[ExI] The Dogs of Immortality

Lee Corbin lcorbin at rawbw.com
Wed Aug 6 05:54:32 UTC 2008

Damien S. writes

> Lee Corbin wrote:   [
> > Olga writes
> > 
> > > But consider this: Let's just imagine that Woody Allen had been accused of 
> > > murdering Mia Farrow, and a major piece of evidence had been found by a 
> > > black detective. And let's say this black detective goes on the witness 
> > > stand and he's asked if he ever referred to Jews as "kikes." He says no, 
> > > never. Then a tape is discovered in which we find out the detective is a 
> > > member of some racist black group that considers Jews not just kikes but 
> > > monsters. ]
>> Well, hell yes!  Who would give a damn about the murdered
>> woman in that case?  People as well as our legal system,
>> understand priorities.

(where my sarcasm, I take it, was well understood by more people than just by Damien)

> I would think such a committed anti-statist as yourself would be more
> wary of sending messages to cops that they could get away with violating
> due process.

Judges and juries override the strict interpretation of the
law all the time, (way too much so, I'd say, at least for the

The police definitely should not violate due process. There
should always be penalties for doing so. But it is madness
to make the penalties include the freeing of criminals whose
guilt is completely evident by the (incorrectly gathered)

It sends terrible, terrible signals to criminals as well as the
public at large when murderers are freed on technicalities.
No wonder people in cities began locking their doors at
night during the sixties;  such was the perception of the
efficacy of the criminal justice system, and the palpable and
very justified fear that even if criminals were apprehended,
they'd be likely to get off one way or another.

>> But what I don't understand is this.  Usually when the jury reaches
>> the wrong verdict, as they did in the Rodney King case against
>> the police officers--- can you believe it, in the first trial the jury
>> acquitted the police officers?  --- the government simply retries the
>> case in another jurisdiction.  So why wasn't O. J. Simpson tried
> Well, there is this minor thing in the Constitution about no double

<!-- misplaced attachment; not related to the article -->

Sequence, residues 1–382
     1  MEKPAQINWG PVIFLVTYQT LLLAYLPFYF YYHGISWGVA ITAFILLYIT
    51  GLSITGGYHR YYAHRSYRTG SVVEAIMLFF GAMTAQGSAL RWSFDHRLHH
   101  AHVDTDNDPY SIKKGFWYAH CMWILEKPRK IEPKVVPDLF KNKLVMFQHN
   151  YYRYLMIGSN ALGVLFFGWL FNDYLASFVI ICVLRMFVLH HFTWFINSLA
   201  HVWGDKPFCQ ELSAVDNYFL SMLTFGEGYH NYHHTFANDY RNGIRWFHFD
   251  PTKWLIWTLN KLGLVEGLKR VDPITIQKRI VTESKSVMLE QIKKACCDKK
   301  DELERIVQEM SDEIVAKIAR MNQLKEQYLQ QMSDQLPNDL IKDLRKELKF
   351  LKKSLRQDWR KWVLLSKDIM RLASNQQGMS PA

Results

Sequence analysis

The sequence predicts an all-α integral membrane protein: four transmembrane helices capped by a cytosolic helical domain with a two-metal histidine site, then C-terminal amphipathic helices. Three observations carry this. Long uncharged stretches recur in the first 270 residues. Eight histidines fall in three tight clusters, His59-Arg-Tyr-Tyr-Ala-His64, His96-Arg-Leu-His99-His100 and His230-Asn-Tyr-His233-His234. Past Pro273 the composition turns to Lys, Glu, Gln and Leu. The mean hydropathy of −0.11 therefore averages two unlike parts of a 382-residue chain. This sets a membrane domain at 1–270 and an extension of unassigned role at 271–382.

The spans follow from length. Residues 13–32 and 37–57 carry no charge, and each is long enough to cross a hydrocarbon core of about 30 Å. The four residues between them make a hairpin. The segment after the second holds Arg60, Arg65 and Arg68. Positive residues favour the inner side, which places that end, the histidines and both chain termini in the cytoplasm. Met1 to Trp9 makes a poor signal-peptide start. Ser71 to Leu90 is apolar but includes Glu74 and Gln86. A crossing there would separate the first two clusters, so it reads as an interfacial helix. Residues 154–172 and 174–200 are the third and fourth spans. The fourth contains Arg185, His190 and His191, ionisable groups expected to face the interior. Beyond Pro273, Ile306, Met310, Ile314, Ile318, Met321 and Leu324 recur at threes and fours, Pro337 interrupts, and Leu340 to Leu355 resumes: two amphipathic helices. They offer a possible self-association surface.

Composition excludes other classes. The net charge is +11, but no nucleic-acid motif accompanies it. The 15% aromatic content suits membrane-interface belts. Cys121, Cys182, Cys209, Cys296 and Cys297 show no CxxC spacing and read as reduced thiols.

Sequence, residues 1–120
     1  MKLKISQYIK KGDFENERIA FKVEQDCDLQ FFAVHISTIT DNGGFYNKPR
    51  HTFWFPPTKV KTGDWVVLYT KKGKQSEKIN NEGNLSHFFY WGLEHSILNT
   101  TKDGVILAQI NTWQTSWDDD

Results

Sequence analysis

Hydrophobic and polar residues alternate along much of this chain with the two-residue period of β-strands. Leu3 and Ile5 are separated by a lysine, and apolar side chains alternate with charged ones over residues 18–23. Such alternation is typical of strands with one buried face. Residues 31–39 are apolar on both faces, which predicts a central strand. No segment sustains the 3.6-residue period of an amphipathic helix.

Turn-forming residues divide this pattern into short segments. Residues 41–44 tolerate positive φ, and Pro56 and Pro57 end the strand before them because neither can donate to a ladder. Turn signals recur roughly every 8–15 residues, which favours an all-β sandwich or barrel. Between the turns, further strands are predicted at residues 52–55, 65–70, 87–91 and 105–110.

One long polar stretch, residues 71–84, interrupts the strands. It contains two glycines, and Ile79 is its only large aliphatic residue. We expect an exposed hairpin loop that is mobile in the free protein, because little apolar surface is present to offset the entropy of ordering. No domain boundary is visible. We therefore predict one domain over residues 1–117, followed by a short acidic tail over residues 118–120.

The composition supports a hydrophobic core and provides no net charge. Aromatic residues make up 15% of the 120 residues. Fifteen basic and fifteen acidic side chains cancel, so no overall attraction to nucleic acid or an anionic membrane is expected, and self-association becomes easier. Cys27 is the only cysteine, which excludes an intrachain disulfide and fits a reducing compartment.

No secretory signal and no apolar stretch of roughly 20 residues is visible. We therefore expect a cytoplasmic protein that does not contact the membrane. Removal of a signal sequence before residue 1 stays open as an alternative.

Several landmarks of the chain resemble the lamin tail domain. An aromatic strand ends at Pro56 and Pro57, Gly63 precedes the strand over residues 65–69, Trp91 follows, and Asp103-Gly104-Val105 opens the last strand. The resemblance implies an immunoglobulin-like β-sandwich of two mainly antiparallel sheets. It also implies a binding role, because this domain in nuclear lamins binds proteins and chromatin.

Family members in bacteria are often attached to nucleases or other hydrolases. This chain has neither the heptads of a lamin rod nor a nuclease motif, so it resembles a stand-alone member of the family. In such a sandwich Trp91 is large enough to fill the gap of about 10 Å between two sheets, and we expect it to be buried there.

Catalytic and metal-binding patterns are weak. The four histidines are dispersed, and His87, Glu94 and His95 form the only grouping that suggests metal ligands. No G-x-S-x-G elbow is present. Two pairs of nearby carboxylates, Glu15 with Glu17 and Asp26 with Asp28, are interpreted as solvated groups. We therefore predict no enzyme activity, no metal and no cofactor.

> jeopardy...

I thought so too.  But my high school teacher explained it to
us back as early as 1965:  American society may try a person
a second time by the expedient of trying him or her at a 
different "level" of government.  Therefore, if the state doesn't
convict you, the federal government can try you again.

This "double jeopardy" you speak of, is merely words on
papers when the proper political pressures and popular
wills are brought into it.

My high school teacher was actually ecstatic about it. He
reveled in the idea that we were becoming a "country 
ruled by men, not by laws".  Concurrently, on television,
"The Fugitive" was shown every week as having been a
victim of "blind justice", and they showed every week a
picture of the famous statue with Justice and her scales,
blindfolded. Great efforts were being made,  then as now,
to transfer power to judges and away from literal written laws.


> Well, perhaps the civil rights laws (which were used to re-try the King
> officers in federal courts) aren't written so as to apply to private
> individuals or something.  Wikipedia says the federal trial focused
> more on training than the videotape.
>> conspiracy, or, (when the government gets desperate) "attempting
> Need people to have a conspiracy.
>> to evade a guilty verdict", or whatever it takes to convict?
> ...now yo're being silly.
> -xx- Damien X-) 

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